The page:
Olivier Assayas’ latest is a cinematic Frankenstein monster, stitched together from different genres into something that transcends its sources: Kristen Stewart plays a young American in Paris working as an assistant for a globe-trotting supermodel, buying high-end clothes but never getting to try them on. (It’s a metaphor.) She’s also trying to make psychic contact with a twin brother who died from a heart defect—a disease she also has. She’s also trying to maintain a long-distance Skype relationship with her boyfriend. Things get sinister when Stewart starts receiving anonymous, threatening text messages, and eventually there’s a murder. MARC MOHAN Cinema 21.
Pipe Organ Pictures: The Cameraman
The classic 1928 silent comedy starring Buster Keaton, with live organ accompaniment by Dean Lemire, preceded by a Laurel & Hardy short and a Max Fleischer cartoon. Hollywood Theatre.
Portland EcoFilm Festival: Wolf OR-7 Expedition
A documentary following six adventurers trying to retrace the steps of California’s first wild wolf in 90 years. Followed by a panel discussion on wolf conservation featuring representatives from Oregon Wild, the Center for Biological Diversity, and members of the film. More at portlandecofilmfest.org. Hollywood Theatre.
Re-run Theater: Wonder Woman Double Feature
Before you see whatever it is Warner Bros. have done to Diana Prince in this summer’s Wonder Woman, soak up a couple hours with Lynda Carter’s definitive version of the bullet-blocking, lasso-throwing, skateboarding (yup!) superhero. The skateboard episode will be screened in 16mm, and the one where she foils a plot to replace military scientists with robots will be on good ol’ video, complete with ’70s-era ads during the commercial breaks. You’re hearing the theme in your head right now, aren’t you? Good. BOBBY ROBERTS
The Red Turtle
A nearly perfect movie for kids (and adults) of almost any age. If you’re too young to appreciate it, you probably shouldn’t be in a movie theater, and if you’re too old to appreciate it, you probably need medical attention. MARC MOHAN Academy Theater, Laurelhurst Theater.
A top-secret screening for supporters and members of the Hollywood Theatre! *fingers crossed* please be Mortal Kombat, please be Mortal Kombat Hollywood Theatre.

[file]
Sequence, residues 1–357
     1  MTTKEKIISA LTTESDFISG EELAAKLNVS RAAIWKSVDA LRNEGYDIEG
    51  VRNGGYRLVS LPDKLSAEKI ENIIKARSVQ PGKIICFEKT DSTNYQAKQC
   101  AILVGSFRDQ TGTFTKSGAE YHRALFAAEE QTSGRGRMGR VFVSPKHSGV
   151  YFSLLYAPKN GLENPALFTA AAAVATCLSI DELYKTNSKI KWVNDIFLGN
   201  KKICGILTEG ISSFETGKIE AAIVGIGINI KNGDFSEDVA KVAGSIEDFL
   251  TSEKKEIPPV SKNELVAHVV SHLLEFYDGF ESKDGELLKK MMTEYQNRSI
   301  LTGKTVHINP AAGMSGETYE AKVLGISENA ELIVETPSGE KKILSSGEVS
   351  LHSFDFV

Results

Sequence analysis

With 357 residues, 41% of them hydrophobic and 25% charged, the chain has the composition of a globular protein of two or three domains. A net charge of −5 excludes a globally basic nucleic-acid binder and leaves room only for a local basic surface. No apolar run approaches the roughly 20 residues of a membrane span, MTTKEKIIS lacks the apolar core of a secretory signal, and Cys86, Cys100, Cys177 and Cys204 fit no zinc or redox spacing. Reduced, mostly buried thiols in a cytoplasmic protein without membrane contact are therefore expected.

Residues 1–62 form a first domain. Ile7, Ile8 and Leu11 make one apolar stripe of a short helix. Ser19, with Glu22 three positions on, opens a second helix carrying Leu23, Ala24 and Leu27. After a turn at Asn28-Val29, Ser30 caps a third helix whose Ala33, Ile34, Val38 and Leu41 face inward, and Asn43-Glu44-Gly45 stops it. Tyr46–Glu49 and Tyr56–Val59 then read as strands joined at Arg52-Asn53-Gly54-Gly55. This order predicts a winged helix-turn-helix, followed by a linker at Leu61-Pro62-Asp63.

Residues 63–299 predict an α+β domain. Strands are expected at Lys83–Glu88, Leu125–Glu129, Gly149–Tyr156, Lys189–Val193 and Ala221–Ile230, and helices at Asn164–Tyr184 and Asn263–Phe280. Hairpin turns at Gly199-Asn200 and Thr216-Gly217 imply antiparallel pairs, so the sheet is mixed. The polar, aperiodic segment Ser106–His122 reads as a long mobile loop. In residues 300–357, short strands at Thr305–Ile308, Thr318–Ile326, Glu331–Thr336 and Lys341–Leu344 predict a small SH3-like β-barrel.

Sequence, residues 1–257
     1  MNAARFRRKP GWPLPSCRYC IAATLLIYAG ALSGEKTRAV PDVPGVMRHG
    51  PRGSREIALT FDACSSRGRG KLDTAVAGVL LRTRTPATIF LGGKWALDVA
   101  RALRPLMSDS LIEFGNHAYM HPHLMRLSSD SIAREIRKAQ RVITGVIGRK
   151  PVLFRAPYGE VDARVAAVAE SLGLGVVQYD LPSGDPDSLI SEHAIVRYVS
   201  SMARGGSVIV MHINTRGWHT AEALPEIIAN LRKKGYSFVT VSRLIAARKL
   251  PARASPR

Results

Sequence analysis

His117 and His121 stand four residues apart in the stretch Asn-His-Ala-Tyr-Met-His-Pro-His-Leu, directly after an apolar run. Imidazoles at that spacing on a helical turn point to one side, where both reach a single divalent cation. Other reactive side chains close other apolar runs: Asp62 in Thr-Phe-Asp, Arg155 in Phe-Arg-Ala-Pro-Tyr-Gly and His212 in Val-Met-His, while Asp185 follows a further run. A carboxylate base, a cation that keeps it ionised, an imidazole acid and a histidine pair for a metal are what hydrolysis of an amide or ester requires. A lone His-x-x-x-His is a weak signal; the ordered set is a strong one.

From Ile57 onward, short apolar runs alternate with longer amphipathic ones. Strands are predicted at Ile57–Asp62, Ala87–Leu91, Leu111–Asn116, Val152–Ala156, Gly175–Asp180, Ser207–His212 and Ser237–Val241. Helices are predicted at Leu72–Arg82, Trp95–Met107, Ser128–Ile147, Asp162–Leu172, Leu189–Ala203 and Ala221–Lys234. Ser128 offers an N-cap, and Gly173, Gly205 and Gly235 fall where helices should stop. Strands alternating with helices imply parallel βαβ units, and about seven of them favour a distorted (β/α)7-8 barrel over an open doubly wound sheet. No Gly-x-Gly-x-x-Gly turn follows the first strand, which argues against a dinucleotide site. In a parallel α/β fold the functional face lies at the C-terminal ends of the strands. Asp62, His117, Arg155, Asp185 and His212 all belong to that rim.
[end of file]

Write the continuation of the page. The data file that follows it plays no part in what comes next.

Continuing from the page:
A screening of Justin Zimmerman’s documentary about the Los Angeles’ Specialized Mobile Animal Rescue Team, with proceeds benefitting the Oregon Humane Society. A panel discussion follows, featuring Zimmerman, SMART members Armando Navarrete and Annette Ramierez, and members of Oregon Humane’s rescue team. Hollywood Theatre.
You know what it is. (It’s people.) Hollywood Theatre.
Everyone rags on director M. Night Shyamalan for being a one-trick pony. But guys, he’s so much more than that! His films can be pretty great (2000’s Unbreakable) or they can be embarrassing garbage (2015’s adult-diaper-filled The Visit). That’s two whole tricks! With Split, he’s back to vintage Shyamasurprise® Time, and the result is a fairly solid thriller with only a few missteps. Not bad, sir, not bad. COURTNEY FERGUSON Various Theaters.
Though Table 19 hammers home the theme that everyone is a goddamn mess—and while some of its jokes, stunts, and twists are clever enough to hold one’s attention—at its core it’s a typical, gooey romcom. Good thing Anna Kendrick is in it, then—her involvement ends up being crucial to the film’s watchability. JENNI MOORE Various Theaters.
See review, this issue. Cinema 21.
MEANS WE RECOMMEND IT. Theater locations are accurate Friday, March 24-Thursday, March 30, unless otherwise noted. Movie times are updated daily and are available here.